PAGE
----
I made pumpkin bars today. I made frosting for our pumpkin bars and let her lick the bowl and have a frosted pumpkin bar. Not enough- she has to go and claw the frosting off half of the pumkin bars thus wrecking that portion for anyone else. I would have given her another one if she had asked. She knows that. She said she was sorry and cried after I got upset.<br><br>
Anything sweet I make or buy it is the same story.<br><br>
I've tried talking with her about this several times but it is like the sugar takes over and she can't stop eating it. I don't expect perfect control at 5 years old, but will it ever get better? Are there some people who just can't handle sugar? Should I just make a vat of frosting and a get a barrel of candy and put it in front of her and make her eat until she gets sick and never wants sugar again? I'm kidding there btw... I honestly don't know what her upper limit would be... maybe 2 vats of frosting. <img alt="" class="inlineimg" src="http://www.mothering.com/discussions/images/smilies/shrug.gif" style="border:0px solid;" title="shrug"><br>
Is it me handling sweets all wrong or something like an addiction she can't control? Do we have to go entirely sugar free? I'm willing to do it if we need to.<br><br>
Does anyone else have this problem?<br><br>
Dd self regulates very well with things like TV btw. She is thin and has good teeth. She doesn't act super hyper after eating sugar.</div>
</td>
</tr></table></div>
<br><br>
I do lock our pantry and fridge. Because I have an Autistic child who will not stay out of them, no matter what I have done or how hard I have tried with him. I have come back from the laundry room to him having a picnic with an entire pack of cheese in his room, or he and his older brother into something else when I dare to just go use the bathroom. He is on medication that can make him gain weight, so we have to watch. As his mother, it is my responsibility to keep healthy snacks for him and make sure to monitor what he eats.<br><br>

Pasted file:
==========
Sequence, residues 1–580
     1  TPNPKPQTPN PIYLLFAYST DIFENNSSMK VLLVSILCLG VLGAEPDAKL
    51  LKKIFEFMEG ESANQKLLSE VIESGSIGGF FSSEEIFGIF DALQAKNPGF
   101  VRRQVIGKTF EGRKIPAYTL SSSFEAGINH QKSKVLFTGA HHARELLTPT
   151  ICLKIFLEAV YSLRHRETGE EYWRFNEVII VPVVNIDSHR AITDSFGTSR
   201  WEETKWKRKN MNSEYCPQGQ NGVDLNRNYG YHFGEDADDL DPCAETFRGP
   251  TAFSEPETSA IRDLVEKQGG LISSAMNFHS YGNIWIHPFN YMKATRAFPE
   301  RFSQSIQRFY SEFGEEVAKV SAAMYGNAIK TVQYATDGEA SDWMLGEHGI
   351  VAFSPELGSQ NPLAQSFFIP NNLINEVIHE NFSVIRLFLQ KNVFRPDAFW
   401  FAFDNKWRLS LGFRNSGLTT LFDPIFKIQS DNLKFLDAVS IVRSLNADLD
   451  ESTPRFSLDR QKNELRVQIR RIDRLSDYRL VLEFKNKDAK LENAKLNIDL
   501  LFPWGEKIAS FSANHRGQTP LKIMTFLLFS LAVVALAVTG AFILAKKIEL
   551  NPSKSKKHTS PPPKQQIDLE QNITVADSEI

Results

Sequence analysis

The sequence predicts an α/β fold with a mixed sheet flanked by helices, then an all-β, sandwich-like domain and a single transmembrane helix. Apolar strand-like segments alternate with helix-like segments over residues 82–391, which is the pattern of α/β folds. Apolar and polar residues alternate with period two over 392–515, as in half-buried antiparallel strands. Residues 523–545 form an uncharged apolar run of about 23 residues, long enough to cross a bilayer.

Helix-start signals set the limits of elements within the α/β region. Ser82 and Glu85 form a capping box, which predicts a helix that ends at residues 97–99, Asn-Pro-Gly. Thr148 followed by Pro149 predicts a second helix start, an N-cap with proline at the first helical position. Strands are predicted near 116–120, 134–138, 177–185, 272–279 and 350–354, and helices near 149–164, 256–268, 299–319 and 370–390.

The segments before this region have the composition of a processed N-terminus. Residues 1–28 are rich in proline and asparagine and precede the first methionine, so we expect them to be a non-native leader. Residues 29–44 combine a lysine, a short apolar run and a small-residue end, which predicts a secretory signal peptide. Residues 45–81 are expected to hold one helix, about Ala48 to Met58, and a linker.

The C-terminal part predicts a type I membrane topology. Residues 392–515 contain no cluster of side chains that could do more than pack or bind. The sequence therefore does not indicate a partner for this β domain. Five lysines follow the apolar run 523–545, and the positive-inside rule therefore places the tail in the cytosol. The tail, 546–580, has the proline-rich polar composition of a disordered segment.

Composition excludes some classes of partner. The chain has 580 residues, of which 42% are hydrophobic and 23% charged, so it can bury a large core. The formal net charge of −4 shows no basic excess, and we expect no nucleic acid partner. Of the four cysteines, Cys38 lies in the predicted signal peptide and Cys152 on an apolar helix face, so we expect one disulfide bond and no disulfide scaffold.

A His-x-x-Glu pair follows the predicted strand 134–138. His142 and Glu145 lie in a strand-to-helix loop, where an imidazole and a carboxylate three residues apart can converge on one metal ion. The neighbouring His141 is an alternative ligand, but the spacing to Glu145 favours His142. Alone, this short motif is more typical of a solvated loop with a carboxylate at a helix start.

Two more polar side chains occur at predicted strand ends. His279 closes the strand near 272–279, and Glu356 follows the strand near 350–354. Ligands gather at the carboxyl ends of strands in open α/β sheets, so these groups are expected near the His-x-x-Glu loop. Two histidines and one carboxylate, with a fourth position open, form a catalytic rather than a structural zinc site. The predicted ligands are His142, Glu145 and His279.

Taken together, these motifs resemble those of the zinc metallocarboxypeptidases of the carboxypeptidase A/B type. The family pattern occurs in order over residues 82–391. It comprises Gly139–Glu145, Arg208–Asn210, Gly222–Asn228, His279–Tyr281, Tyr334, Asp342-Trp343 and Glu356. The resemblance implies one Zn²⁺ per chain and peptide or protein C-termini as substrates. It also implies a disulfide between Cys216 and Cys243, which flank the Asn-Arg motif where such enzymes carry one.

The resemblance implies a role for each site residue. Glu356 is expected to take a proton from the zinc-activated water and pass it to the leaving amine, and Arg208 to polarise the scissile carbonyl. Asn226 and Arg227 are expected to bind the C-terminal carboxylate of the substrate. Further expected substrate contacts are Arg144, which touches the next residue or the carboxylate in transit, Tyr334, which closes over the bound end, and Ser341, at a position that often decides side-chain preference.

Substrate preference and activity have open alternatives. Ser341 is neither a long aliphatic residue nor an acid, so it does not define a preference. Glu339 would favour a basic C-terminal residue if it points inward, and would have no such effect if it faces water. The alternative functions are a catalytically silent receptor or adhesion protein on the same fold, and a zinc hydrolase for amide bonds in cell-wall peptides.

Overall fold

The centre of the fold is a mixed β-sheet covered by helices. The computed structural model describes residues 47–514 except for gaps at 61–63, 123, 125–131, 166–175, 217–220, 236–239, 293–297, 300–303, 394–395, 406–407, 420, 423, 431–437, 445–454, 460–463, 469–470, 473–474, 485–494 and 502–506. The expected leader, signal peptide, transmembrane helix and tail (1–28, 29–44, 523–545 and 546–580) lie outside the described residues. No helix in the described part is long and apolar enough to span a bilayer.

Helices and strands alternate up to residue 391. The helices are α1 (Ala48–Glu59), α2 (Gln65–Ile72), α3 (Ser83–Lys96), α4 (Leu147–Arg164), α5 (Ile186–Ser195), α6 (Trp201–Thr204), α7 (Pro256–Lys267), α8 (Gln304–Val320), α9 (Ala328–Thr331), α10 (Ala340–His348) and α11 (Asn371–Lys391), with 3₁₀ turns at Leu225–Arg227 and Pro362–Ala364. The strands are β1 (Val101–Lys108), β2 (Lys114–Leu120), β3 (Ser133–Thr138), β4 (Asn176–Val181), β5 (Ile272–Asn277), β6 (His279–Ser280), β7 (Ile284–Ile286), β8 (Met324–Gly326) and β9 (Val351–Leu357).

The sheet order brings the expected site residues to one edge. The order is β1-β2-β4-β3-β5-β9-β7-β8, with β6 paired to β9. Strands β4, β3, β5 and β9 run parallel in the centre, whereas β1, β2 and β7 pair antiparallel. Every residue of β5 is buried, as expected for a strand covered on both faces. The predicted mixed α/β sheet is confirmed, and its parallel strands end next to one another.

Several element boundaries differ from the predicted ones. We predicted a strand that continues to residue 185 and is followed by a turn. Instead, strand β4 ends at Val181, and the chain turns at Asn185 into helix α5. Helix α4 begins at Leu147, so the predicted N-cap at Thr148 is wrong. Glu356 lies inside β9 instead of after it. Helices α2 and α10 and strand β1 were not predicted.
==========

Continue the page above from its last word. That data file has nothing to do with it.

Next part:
I do not keep a lot of sugary and junky foods, but my husband loves them, so we agreed to keep them locked up. There are some that are hidden, that DH has after the kids are in bed and asleep.<br><br>
One would honestly think we NEVER feed our kids, the way they always want to eat something. LOL!<br><br>
Some might not agree with our methods, but it keeps the peace in our house. The kids have learned to ask before taking and eat better and healthier snacks because of it.<br><br>
I do not think it is terrible to gently but firmly tell a child "no", or put things up where the child cannot have at them, if it is a terrible temptation to them.<br><br>
Maybe out of sight, out of mind is best for her right now.<br><br><br><br>
***Please do not flame me about the meds. It was three long years of trying everything else before we decided, by ourselves, to have him put on meds. They do work for him. He can function. Without, he does not function at all. Thank you.***
 

·
Registered
Joined
·
7,237 Posts
Discussion Starter · #15 ·
Thanks for all the replies. You've all given me good stuff to think about. <img alt="" class="inlineimg" src="http://www.mothering.com/discussions/images/smilies/smile.gif" style="border:0px solid;" title="smile"><br><br>
I've thought about it and I am not going to go stock up on candy. I feel our problem is not really caused by not enough candy in the house regularly but by some chemical reaction that once she starts eating the sugar makes her eat it uncontrollably... like an addiction. She isn't begging for candy if we do not have it. When I let her freely choose her treat at the grocery store she usually does not pick candy.<br><br>
I am going to try making sure dd has protein more. That was a very good suggestion.<br><br>
I will try to provide a healthier sweet instead of junkier sweets.<br><br>
I'm talking with dd about what food does for our bodies and to our bodies.<br><br>
I did have dd help put the Halloween candy in small treat bags to give out. I will try the suggestion of having her divide and wrap the treats up if we have them. Going into Thanklsgiving and Christmas I am sure we will have opportunity to practice this.
 
1 - 15 of 15 Posts
Top